Another issue concerns the Homo-centric perspective that still contaminates evolutionary neuroanatomy and evolutionary anthropology. Apart from generating a deformed evolutionary scenario, anthropocentric views demote attention towards the other primates. Apes are generally used to “shed light on human evolution”. But living apes are not ancestral to humans. They could be bad models to understand our evolution, as we humans are probably bad models to understand their own one. They have their own specialized traits, which merit attention. In fact, apes are themselves an exceptional zoological case study. Anthropology is interesting, but apeology is interesting too. In cognitive terms, for example, apes could have capacities that we have never evolved. Finally, it can be also worth nothing that, charmed in searching for “what makes us humans”, we are neglecting “what makes us primates”. Because these latter features are associated with instincts, emotions, and cognitive constraints, they seriously deserve attention. Mostly when recognizing that they often deal with our social aspects, and with their consequences.

Integrated paleoneurology

Zollikofer et al 2016Together with the recent article on modern vs Neandertal endocranial ontogeny, the team coordinated by Christoph Zollikofer has now published also a large and comprehensive study on endocranial ontogeny in humans and apes. The paper focuses on a specific question: to what extent endocranial differences are due to brain differences, and to what extent they are due to cranial constraints? Definitely, this is a key-paper in paleoneurology. They considered the integration between and within the main cranial districts to evaluate the influence on brain shape of two major cranial effects: spatial packing and facial orientation. Their analyses suggest that endocranial differences between humans and apes, as well as differences among apes, are the result of all those factors, the cerebral and the cranial ones. Therefore, the endocranial form is due to a complex admixture of specific brain differences (already present at birth) and cranial constraints. Comparisons among endocranial ontogenetic patterns of living hominoids, among adult fossil specimens, and among different neuroanatomical aspects of living species, can give different results, suggesting that the relationships between anatomical, morphological, and cytological elements is far from being understood. In my opinion, a limit of many shape analyses in general concerns the use of surface semi-landmarks to analyze brain geometry. Surface landmarks are necessary because of the lack of good anatomical references on the endocasts. Unfortunately, they can’t take into account the contribution of distinct cerebral areas, and as a consequence they consider brain morphology as a single homogeneous surface. The identification of boundaries or distinct and independent elements within this surface might seriously influence the multivariate output. I am particularly interested in the analysis of the parietal districts. When using surface landmarks the analysis of the parietal surface may give different (and sometimes contrasting) results. Hence, we may wonder whether the observed parietal variations are the result of brain differences (cortical expansion/reduction) or of geometry (bulging and flexion). Nonetheless, previous morphological studies based on cortical landmarks suggest that modern humans show an actual (absolute and relative) increase not only of the parietal “surface”, but also and specifically of the parietal “lobe”, when compared with extinct hominids or with living chimps. The localization of anatomical boundaries on endocasts may be difficult, although those results have been replicated on different samples. The identification of anatomical landmarks in living species is, in contrast, definitely more reliable. Therefore, whatever the result of a global surface analysis of the whole endocranium, we should not forget that comparisons of specific areas are suggesting a differential contribution of distinct brain components.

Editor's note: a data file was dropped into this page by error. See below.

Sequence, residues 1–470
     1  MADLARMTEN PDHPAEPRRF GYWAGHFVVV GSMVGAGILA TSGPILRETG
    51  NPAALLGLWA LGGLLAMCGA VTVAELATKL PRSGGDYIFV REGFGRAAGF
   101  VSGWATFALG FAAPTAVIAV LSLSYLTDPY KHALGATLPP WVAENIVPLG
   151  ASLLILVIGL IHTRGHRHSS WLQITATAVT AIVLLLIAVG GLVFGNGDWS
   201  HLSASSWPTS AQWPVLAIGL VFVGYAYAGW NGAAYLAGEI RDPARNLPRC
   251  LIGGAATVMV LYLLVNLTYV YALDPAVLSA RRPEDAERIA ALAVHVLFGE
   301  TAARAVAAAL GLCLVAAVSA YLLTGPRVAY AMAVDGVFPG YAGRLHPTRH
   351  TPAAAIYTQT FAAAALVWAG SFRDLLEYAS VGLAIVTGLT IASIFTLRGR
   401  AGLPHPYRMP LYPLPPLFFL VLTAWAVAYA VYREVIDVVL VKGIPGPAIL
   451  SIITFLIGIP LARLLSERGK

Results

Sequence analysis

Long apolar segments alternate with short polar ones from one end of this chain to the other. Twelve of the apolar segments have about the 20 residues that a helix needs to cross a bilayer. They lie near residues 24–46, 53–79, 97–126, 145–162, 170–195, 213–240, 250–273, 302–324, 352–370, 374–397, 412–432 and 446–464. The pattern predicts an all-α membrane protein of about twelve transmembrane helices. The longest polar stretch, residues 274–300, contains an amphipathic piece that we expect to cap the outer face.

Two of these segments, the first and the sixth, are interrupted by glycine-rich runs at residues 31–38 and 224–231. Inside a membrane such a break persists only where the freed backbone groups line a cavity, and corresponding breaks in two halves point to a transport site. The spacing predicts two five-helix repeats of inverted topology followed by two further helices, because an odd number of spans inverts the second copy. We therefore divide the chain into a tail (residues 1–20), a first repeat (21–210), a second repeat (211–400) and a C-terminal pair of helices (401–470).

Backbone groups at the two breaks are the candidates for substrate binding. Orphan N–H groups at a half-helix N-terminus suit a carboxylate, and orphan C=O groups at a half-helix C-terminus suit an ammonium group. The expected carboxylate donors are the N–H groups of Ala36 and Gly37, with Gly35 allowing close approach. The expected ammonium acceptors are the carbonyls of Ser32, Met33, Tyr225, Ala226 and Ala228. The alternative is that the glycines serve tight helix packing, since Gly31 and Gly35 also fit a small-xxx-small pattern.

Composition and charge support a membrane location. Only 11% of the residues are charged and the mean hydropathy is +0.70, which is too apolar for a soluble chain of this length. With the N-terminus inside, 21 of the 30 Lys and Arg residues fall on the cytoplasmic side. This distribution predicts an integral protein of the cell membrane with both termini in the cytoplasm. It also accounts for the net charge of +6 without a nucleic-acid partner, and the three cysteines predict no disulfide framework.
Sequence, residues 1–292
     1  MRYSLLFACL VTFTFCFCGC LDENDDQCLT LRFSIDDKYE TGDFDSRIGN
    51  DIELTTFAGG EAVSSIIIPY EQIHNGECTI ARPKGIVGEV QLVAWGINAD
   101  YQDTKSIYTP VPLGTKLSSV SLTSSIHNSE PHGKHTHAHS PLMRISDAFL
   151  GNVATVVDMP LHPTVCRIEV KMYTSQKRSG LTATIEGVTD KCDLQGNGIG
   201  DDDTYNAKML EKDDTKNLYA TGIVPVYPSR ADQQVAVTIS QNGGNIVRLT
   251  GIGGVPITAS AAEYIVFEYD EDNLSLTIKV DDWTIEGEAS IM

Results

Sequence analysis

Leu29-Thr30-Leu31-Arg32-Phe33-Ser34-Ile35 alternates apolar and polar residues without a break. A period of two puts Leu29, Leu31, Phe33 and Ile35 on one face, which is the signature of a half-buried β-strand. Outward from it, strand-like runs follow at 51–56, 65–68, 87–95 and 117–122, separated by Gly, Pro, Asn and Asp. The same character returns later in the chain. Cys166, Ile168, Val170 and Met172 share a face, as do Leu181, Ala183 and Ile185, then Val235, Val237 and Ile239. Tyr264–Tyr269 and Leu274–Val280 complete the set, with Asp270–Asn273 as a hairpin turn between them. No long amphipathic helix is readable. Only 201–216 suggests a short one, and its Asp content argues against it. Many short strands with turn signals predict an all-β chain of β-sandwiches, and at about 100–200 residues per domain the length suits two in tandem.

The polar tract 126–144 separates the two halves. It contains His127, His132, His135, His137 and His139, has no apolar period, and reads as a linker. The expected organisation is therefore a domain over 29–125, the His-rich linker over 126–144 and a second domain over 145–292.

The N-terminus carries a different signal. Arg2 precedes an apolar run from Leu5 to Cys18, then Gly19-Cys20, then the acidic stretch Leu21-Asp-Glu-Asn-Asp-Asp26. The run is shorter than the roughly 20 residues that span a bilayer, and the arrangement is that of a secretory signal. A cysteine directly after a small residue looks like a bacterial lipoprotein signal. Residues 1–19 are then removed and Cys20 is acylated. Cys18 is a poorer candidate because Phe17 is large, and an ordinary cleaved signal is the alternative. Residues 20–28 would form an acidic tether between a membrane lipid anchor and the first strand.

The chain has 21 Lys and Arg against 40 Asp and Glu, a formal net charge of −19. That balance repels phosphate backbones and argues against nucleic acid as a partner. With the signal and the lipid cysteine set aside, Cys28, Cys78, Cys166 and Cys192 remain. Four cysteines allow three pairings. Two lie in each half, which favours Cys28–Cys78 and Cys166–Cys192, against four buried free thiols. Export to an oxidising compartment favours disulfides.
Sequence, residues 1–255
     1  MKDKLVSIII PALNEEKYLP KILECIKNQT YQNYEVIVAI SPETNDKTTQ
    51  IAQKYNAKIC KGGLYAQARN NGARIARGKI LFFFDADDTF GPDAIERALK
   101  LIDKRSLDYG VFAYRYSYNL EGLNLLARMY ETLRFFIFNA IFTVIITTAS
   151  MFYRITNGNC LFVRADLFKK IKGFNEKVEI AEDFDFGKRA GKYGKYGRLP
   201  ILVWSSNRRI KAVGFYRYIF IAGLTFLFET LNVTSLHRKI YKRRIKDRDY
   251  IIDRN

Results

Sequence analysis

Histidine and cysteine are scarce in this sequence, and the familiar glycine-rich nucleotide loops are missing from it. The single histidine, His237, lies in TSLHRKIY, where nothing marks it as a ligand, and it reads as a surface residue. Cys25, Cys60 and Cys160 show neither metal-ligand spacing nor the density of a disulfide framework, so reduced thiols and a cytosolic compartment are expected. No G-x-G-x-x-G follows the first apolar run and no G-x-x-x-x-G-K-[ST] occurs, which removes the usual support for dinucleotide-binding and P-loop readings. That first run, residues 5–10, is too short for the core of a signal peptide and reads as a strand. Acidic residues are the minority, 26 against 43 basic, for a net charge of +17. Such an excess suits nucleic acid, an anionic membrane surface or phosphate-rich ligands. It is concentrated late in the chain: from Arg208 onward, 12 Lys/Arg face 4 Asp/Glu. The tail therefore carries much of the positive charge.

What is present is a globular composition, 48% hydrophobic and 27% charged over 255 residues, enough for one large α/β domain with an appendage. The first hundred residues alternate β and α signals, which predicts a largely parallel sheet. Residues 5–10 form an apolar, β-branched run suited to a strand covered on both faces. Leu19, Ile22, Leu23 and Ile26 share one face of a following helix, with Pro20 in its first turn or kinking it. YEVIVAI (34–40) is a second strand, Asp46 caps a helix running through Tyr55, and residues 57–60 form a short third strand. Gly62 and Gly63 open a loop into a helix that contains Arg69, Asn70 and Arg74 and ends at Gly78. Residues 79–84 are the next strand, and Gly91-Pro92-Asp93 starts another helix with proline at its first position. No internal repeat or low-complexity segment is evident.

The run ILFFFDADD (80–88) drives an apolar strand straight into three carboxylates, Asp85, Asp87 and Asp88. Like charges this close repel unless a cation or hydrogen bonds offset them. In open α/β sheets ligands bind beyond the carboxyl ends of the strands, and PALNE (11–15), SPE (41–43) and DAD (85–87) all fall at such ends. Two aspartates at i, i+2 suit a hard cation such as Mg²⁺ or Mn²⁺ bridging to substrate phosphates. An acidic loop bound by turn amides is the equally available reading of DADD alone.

Hominoids

Scott et al 2014After shape analysis of the endocranial growth and development in modern humans, chimps, and Neandertals, the team from the Max Planck Institute has published a study on apes endocranial ontogeny. In their former articles they evidenced a shared trajectory of form change in humans and chimps. The only exception is the “globularization stage” in modern humans, an early postnatal stage associated with parietal and cerebellar enlargement. This study now includes also gorillas, orangs, and gibbons, confirming that after eruption of the deciduous dentition all hominoids share a similar pattern of form variation. Differences among species are largely a matter of degree of change, but within a shared set of rules. This implies that most of the observed differences among their endocranial forms take place before, in prenatal stages.